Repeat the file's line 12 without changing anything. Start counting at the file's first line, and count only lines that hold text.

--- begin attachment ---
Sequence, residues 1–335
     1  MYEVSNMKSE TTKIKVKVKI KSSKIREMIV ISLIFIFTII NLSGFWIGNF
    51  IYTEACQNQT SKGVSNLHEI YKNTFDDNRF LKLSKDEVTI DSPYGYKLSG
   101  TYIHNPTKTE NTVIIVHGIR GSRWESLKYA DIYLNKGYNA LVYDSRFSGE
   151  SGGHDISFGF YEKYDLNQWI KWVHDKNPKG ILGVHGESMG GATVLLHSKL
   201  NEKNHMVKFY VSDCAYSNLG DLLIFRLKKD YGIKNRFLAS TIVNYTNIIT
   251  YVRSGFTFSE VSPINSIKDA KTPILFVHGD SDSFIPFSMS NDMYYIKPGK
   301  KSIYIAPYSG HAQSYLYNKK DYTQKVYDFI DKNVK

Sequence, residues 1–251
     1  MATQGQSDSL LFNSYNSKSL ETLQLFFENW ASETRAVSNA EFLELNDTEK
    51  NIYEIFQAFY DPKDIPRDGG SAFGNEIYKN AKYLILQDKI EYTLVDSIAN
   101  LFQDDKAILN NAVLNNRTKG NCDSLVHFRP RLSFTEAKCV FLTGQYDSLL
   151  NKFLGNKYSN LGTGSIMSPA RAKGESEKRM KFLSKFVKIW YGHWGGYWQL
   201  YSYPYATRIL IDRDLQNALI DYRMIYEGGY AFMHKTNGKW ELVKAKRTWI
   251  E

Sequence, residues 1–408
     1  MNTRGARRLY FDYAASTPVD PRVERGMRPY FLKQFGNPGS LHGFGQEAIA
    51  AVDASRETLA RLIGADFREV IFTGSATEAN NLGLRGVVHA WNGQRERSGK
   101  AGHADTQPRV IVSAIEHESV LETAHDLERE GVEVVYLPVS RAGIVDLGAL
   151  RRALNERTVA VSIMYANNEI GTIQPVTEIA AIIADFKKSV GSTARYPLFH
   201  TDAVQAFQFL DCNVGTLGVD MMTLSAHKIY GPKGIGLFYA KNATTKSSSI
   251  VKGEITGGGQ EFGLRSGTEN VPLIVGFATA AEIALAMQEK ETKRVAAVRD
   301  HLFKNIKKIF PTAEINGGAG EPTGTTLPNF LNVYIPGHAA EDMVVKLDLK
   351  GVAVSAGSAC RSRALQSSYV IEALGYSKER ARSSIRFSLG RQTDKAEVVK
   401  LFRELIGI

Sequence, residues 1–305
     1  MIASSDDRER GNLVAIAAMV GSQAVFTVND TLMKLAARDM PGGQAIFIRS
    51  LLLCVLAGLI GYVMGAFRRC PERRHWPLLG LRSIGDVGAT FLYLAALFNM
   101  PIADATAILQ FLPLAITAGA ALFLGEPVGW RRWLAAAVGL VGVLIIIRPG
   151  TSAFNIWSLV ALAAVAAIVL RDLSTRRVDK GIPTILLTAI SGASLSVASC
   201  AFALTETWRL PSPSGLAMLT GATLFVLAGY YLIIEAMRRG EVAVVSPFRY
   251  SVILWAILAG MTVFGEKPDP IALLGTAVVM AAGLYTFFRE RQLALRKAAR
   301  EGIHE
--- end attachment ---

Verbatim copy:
   101  LFQDDKAILN NAVLNNRTKG NCDSLVHFRP RLSFTEAKCV FLTGQYDSLL